LOGAN -- Alice Soto's 22-month-old son crawled down the stairs to get his morning hug from his mom. Soto gathered the boy in her arms, gave him a hug and then handed the toddler to his father, who came down after him.
The 28-year-old Logan woman said she has been given a second chance to be a mom and she's not going to mess up this time.
Her addiction to methamphetamine caused her to lose her parental rights to her three older children, two girls and a boy, in September 2010.
She hoped that if she stayed clean and did everything right, at some point she may get to visit with those three children again. All three had been adopted.
But now, Soto's hopes of meeting with her son, who was 18 months old when he was placed in foster care, are dashed.
Soto said she is the birth mother of Benjamin Vidinhar, one of two brothers who were found dead with multiple stab wounds in their West Point home on May 22.
Officials say both boys were adopted by the Vidinhars.
Aza Vidinhar, 15, has been charged in 2nd District Juvenile Court with two counts of aggravated murder in connection with Benjamin's death and the death of Alex Vidinhar, 10.
Soto said she learned of the death from a Standard-Examiner online article.
When the boys were identified, she recognized the photo of the 4-year-old because she had received a similar photograph from a social worker with the state Division of Child and Family Services in 2012.
When she had asked for the photo in the summer of 2012, Soto said she was still in drug court, but had been drug-free and was holding down a job.
"They looked happy and well," Soto said as she looked at the photos she keeps in an album.
"It was nice to see they were doing so well," Soto said.
She had been following the Vidinhar case since it broke on May 22. It was a few days later when the young boys were identified. When she saw the photograph of Benjamin, "At first, I kept saying, 'It can't be. It just can't be.' Then I just broke down, screaming and crying."
One month before the Vidinhar boys were killed, Soto had graduated from drug court. She was also pregnant. Besides her 20-month-old son, she has a 2-month-old daughter.
Soto said an aunt made her a tile with her son's name on it and the family held a memorial service so she could have closure.
Her children's birth names were changed by their adoptive family, she said.
"They are their kids," Soto said. "They are her children."
According to copies of court documents Soto provided to the Standard-Examiner, her oldest son's date of birth was Sept. 12, 2008. The Davis County Attorney's Office confirmed that Benjamin Vidinhar's date of birth was also Sept. 12, 2008.
"It hurt me a lot," Soto said about the death of Benjamin.
The week following the murders, Soto said she tried to get confirmation from the DCFS, but no one would tell her.
Elizabeth Sollis, spokeswoman with the state Department of Human Services, said DCFS "respects the adoptive family's privacy and rights. If the adoptive family wants to notify the birth family and if we feel the child's safety is not at risk, then we will notify the birth family."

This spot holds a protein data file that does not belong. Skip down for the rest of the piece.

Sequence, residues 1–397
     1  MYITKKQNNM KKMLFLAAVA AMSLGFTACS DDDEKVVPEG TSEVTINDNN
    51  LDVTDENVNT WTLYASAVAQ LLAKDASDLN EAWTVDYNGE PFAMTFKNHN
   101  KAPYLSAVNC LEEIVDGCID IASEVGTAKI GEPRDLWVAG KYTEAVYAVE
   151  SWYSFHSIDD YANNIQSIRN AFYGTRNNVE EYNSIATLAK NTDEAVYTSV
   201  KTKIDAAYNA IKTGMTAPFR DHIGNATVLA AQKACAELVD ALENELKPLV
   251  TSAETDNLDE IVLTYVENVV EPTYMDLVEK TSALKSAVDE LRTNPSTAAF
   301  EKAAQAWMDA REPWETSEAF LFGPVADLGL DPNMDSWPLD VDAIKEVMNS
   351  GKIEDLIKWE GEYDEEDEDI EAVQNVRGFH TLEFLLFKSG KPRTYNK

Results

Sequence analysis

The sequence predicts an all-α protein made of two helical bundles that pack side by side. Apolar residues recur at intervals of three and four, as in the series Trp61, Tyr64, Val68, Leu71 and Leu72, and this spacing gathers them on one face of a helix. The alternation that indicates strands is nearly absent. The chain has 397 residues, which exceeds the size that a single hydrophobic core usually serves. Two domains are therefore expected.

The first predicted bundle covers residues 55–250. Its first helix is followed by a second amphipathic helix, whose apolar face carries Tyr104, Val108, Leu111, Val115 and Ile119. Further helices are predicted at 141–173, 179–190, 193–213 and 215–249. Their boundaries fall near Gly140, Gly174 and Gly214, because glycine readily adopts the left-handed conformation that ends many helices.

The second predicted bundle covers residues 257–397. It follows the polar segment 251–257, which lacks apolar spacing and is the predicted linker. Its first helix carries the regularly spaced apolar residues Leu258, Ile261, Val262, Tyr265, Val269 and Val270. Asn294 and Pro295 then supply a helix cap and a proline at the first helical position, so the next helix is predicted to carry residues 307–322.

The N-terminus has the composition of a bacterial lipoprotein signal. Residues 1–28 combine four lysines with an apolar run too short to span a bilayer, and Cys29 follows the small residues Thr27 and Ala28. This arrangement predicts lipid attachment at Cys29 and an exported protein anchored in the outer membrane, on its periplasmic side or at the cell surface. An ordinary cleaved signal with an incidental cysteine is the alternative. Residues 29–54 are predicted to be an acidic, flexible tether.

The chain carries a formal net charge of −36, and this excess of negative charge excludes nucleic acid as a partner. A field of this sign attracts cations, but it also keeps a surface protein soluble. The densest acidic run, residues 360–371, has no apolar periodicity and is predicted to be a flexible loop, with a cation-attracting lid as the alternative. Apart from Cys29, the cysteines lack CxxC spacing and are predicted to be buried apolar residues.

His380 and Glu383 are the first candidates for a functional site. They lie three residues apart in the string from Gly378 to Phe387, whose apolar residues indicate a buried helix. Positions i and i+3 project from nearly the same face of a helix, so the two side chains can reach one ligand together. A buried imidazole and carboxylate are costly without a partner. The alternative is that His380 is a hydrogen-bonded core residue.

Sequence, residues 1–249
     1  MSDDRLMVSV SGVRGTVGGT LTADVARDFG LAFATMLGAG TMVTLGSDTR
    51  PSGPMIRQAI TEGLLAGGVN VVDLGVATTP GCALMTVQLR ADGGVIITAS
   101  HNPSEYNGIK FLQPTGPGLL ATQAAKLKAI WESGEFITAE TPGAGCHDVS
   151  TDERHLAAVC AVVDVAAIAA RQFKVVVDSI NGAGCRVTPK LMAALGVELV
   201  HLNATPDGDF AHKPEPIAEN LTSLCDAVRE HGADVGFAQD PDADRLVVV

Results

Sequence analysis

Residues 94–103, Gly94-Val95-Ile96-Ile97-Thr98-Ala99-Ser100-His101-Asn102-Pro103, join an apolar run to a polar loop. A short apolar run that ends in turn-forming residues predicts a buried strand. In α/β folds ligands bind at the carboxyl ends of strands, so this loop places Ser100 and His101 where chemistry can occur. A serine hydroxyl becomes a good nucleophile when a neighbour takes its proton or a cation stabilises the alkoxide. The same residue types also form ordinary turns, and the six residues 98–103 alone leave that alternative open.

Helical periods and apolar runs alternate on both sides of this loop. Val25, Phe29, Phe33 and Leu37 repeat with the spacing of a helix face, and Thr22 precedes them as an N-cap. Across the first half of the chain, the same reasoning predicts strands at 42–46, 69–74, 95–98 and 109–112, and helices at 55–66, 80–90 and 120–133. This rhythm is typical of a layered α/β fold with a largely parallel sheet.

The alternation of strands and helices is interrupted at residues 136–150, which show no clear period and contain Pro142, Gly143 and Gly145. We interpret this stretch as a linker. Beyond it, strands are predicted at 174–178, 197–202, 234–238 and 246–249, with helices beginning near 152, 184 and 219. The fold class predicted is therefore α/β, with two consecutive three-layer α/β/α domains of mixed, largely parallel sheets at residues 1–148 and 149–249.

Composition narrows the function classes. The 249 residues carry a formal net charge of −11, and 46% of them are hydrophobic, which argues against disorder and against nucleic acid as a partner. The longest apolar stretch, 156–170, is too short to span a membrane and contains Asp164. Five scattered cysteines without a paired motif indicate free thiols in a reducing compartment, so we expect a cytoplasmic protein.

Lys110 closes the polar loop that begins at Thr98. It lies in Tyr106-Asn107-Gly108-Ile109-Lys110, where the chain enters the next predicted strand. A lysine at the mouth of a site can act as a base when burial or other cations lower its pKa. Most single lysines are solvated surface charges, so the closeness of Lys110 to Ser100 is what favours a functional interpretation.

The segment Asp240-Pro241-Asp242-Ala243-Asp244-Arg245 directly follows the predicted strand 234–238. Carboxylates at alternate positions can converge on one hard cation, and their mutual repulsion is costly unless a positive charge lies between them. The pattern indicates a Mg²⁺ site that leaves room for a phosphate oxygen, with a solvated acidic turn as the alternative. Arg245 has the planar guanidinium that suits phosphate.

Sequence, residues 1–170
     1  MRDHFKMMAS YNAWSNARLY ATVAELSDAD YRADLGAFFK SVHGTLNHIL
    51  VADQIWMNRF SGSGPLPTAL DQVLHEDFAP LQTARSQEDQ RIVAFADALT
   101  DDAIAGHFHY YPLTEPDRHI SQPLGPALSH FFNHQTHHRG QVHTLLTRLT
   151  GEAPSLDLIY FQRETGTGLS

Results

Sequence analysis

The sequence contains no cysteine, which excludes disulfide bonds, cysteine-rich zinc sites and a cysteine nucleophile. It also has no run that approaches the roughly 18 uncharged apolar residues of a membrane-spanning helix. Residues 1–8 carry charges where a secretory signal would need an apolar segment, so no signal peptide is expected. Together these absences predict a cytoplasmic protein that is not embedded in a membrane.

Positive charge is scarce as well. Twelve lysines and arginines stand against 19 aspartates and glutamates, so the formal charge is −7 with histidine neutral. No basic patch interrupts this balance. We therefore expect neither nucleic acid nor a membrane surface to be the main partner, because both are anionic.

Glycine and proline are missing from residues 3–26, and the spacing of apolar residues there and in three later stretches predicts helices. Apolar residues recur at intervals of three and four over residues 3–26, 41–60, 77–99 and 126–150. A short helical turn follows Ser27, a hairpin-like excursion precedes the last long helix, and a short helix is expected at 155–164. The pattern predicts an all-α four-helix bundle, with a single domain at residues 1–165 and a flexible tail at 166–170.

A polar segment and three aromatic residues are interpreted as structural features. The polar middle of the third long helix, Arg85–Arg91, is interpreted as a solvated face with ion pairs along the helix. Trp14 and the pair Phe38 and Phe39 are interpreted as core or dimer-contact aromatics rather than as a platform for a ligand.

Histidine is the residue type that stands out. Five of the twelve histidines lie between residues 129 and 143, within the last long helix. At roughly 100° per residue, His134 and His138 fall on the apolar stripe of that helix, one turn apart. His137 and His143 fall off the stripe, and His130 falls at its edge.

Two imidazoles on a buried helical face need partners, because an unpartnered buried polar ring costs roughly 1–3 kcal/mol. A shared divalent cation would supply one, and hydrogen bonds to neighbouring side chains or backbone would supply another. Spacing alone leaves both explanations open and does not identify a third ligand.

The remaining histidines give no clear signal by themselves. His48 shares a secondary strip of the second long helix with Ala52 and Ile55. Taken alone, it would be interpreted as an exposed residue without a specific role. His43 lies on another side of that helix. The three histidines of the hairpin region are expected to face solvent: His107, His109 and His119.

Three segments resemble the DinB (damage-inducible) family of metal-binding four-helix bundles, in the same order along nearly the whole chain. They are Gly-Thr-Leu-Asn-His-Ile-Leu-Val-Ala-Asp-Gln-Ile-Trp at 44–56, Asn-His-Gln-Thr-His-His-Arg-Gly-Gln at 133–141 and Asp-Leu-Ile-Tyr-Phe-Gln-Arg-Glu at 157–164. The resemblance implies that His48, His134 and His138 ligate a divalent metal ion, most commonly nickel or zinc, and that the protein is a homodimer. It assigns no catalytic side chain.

Soto said she also contacted the Davis County sheriff's office to get confirmation. She knows she has no legal right to know anything about the three children who were adopted.
"I can understand why they don't want to contact me," Soto said. "They're afraid I'm going to seek revenge."
Soto said that is not the case.
"We won't," Soto said.
But she feels there should be some provision, somewhere, for birth parents.
"We should at least be notified if our child dies," Soto said. "We were all traumatized."
Soto said she almost relapsed, but chose instead to seek counseling.
And she plans on not doing anything that could cause the state to take away her two children.
In 2010, Soto was arrested for possession of methamphetamine in Weber County. She was charged with a misdemeanor, but her children were placed in the home of a family friend. At the time, she had a 4-year-old girl, an 18-month old boy, who she said was Benjamin, and a newborn baby girl.
Soto said her meth addiction had a hold on her and she "didn't want to stop."
She failed to show up for a court appearance that would determine where her three children would be placed. According to the documents, she also did not show up for some of her visits with her children and had tested positive for drug use more than once.
In less than 12 months from the time she was arrested, the court had terminated her parental rights and the three children were adopted.
"I gave up. I just didn't care anymore," Soto said.
Instead of trying to stay clean, Soto continued to use drugs until she was arrested again on July 14, 2011, in Weber County, and charged with third-degree felony possession of methamphetamine. At the time of her arrest, she also learned she was pregnant.
That pregnancy was a turning point for Soto.
"I was done," Soto said. "I wanted to do what I could to raise this baby and I would give up everything not to go back to drugs."
After serving six months in jail, Soto moved to Logan to be closer to family and enrolled in the Cache County drug court program.
She knows the family who adopted her children love them and she continues to move forward.
"I'm at peace," she said. "I know (my son) is OK."
Contact reporter Loretta Park at 801-625-4252 or email@example.com. Follow her on Twitter at @LorettaParkSE.